Jackson with an extraordinary career that started out in 2007 at her first World Junior Championships at 16 – winning the Under 23 world title in 2010 before her Olympic debut in London two years later.
Ironically in a race won by Tokyo Olympic, World and Commonwealth champion, Bermuda’s Flora Duffy – who actually finished eighth to Emma Jackson as an Under 23 in 2010.
“Flora is an athlete who proves that longevity in the sport is possible. She came up through the Junior ranks and now is the Olympic and World Champion in her 30’s. It is inspiring to see an athlete continue to perform and be at the top of the sport for so long,” said Jackson.
“For me 2022 is about getting back to top level racing and trying to put my training into a performance.
“The last few years have been a bit of a struggle with many injury setbacks and not performing the way I want to in racing so I want to use this year to get back some belief in myself so I am ready for 2023 and what may lay ahead.
“I am grateful for another opportunity to race in the Green and Gold at a World Championships.”
The 31-year-old will be lining up in her 13th World Championships – her eighth as an Elite – and in stark contrast to Elite debutant Linn selected on her first Elite team after finishing ninth as an Under 23 on the Gold Coast in 2018.
Linn is emerging as a bright new star with her hard fought fifth placing at the Birmingham Commonwealth Games – the best by an Australian woman – who also won bronze in the Mixed Relay in Birmingham.
Also in the Elite ranks at a World Championships Series Final for the first time will be Olympian and two-time Commonwealth Games representative and a bronze medallist, Matt Hauser, who is also Super League bound in Neom.
The 24-year-old Hauser, Australia’s highest ranked Elite in 2022 (currently sitting in 10th place on the leader board), has attended five World Championship Grand Finals – three as a Junior and two as an Under 23 – winning the Junior crown in 2017 and finishing third in the under 23s last year in Edmonton.
Hauser will be joined on the men’s elite team by his 27-year-old Olympic and Commonwealth Games teammate Jake Birtwhistle and his 25-year-old 2018 Commonwealth Games teammate Luke Willian.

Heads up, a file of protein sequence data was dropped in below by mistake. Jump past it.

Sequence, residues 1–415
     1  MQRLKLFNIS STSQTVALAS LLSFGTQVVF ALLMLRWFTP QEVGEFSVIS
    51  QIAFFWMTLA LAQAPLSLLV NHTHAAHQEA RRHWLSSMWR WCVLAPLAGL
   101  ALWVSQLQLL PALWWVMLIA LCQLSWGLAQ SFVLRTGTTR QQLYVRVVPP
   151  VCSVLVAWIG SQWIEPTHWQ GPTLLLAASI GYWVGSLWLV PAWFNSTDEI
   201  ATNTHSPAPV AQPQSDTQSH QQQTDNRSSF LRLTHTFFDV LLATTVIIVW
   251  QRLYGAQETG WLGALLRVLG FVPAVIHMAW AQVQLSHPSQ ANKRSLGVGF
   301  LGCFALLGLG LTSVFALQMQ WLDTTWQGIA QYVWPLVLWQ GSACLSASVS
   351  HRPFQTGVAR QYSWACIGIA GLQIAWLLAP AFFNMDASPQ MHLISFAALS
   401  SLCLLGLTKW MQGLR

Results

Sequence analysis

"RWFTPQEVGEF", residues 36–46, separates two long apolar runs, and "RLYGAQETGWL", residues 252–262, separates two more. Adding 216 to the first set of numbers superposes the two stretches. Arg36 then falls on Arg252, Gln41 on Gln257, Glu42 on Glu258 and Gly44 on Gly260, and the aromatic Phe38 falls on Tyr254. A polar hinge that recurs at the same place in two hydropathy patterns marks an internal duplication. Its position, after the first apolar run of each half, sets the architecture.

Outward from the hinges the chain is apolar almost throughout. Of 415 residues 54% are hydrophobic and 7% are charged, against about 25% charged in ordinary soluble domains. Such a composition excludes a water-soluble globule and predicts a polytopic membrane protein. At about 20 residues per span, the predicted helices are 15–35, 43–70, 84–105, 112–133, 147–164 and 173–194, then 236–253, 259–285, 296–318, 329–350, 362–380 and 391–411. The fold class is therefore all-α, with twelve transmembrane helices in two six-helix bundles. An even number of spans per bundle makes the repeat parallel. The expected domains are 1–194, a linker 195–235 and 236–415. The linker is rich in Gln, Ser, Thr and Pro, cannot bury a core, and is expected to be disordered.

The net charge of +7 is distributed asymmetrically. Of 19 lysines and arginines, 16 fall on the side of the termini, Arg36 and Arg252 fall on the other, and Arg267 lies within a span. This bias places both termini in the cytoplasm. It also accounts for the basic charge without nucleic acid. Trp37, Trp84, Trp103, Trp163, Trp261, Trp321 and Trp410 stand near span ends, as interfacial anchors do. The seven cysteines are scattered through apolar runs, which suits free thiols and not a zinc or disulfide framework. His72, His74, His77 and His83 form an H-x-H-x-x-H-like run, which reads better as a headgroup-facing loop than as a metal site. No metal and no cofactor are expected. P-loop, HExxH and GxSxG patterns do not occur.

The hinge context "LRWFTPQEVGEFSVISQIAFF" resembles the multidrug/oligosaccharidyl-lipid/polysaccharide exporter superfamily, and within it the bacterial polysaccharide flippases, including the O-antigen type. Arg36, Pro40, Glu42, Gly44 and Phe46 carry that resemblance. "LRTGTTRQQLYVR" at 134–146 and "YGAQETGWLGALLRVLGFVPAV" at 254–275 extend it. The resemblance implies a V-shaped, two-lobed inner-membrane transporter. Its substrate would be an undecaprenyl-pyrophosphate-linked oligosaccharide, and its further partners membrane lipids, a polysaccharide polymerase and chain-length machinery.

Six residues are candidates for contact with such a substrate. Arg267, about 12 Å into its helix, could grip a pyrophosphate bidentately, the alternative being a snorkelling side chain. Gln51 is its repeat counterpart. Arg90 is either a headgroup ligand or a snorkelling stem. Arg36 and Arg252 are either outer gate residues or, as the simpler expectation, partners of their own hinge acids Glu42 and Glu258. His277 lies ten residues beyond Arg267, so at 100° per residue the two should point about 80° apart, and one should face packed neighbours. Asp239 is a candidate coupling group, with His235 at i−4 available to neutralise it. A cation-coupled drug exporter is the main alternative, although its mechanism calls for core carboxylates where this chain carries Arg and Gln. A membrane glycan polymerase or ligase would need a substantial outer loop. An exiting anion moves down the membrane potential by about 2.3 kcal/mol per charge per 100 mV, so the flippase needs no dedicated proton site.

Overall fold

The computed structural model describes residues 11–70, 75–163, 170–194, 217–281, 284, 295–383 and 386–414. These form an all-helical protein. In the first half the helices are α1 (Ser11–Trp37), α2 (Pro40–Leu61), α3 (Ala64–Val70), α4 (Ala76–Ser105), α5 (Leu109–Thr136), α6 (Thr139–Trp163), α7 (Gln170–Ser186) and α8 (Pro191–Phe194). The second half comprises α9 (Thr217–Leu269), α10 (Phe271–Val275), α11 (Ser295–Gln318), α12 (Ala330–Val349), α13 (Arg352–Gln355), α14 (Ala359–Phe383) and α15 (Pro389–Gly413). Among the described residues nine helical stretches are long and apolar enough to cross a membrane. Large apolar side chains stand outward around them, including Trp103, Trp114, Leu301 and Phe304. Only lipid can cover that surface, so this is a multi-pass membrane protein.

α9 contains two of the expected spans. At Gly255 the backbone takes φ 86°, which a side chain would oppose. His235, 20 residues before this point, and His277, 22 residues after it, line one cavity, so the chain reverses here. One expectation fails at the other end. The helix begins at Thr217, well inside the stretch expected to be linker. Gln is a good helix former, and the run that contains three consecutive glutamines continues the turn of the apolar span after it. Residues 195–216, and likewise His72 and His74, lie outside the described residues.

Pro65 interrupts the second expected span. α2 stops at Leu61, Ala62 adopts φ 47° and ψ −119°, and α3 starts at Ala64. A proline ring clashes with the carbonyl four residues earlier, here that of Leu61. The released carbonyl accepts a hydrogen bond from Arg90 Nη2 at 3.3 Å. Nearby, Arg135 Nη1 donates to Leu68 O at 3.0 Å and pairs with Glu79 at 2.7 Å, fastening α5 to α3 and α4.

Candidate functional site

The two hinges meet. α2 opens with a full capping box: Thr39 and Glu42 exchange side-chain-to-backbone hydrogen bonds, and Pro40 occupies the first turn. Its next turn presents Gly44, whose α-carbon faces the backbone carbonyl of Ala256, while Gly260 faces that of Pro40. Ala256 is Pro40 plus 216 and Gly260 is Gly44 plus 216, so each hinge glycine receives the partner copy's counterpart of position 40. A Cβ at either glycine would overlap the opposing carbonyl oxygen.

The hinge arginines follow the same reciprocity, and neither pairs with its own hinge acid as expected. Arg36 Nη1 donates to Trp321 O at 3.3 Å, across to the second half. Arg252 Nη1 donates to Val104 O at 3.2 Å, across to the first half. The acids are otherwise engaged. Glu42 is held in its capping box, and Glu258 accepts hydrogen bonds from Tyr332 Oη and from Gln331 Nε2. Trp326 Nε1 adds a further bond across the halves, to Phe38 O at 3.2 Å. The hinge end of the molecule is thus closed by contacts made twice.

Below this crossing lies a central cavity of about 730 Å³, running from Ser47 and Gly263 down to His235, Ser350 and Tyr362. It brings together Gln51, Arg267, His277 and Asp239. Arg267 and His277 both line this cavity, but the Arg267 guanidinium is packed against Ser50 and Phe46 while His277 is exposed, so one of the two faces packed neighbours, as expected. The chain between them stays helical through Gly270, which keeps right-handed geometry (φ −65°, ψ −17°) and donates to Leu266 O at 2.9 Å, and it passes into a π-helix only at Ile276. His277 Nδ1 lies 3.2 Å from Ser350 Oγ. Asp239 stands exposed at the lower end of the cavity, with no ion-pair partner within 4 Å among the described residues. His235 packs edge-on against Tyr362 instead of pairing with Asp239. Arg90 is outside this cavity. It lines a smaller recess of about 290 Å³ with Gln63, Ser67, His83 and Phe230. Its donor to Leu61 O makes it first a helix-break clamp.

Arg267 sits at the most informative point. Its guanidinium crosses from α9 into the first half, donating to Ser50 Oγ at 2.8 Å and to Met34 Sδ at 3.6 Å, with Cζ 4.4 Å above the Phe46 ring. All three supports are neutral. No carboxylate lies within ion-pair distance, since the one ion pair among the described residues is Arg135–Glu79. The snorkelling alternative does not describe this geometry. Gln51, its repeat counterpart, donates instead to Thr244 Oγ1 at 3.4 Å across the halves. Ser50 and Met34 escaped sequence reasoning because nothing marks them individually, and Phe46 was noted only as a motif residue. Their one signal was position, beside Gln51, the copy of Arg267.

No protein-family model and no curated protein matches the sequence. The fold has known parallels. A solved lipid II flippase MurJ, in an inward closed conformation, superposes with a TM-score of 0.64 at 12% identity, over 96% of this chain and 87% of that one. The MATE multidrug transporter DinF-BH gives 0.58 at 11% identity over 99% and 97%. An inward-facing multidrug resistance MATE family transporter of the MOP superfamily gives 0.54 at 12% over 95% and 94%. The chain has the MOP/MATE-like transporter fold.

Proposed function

Birtwhistle, the 2015 Under 23 world champion in Chicago, will be representing Australia in his ninth team and his sixth as an Elite and he and Willian will also line up in the Noosa Triathlon on Sunday.
Birmingham debutant Brandon Copeland, 26, will make up the men’s team at his second Elite World’s after making his debut in Edmonton last year.
In the U23 Team, NSW’s Matilda Offord will be looking to make an impact after her World Triathlon Series Debut in Montreal, alongside QLD teammates Ellie Hoitink and Oscar Dart while Lorcan Redmond, who earned an automatic spot on the team in Mooloolaba in March, will not line up in Abu Dhabi.
Australian Team for World Triathlon Championships Series Final, Abu Dhabi, November 23-27:
Natalie Van Coevorden (NSW), Charlotte McShane (VIC), Jaz Hedgeland (WA), Sophie Linn (SA), Emma Box (nee Jackson) (QLD), Matt Hauser (QLD), Brandon Copeland (NSW), Jake Birtwhistle (TAS), Luke Willian (QLD)
Matilda Offord (NSW), Ellie Hoitink (QLD), Luke Bate (NSW), Oscar Dart (QLD)
Lauren Parker (NSW, PTWC), Sara Tait (PTWC), Anu Francis (SA, PTS2), Sally Pilbeam (WA, PTS4), Nic Beveridge (QLD, PTWC), Glen Jarvis (PTS2), Justin Godfrey (VIC, PTS3), Liam Twomey (VIC, PTS4), Jeremy Peacock (VIC, PTS4), David Bryant (WA, PTS5), Jonathan Goerlach (NSW, PTVI) & Guide Harry Wiles, Jack Howell (VIC, PTS5), Sam Harding (ACT, PTVI) & Guide Luke Harvey (QLD).
^Box, Birtwhistle, Howell and Harding’s starts are pending the final World Triathlon Start lists ahead of the WTCS and World Championships in November.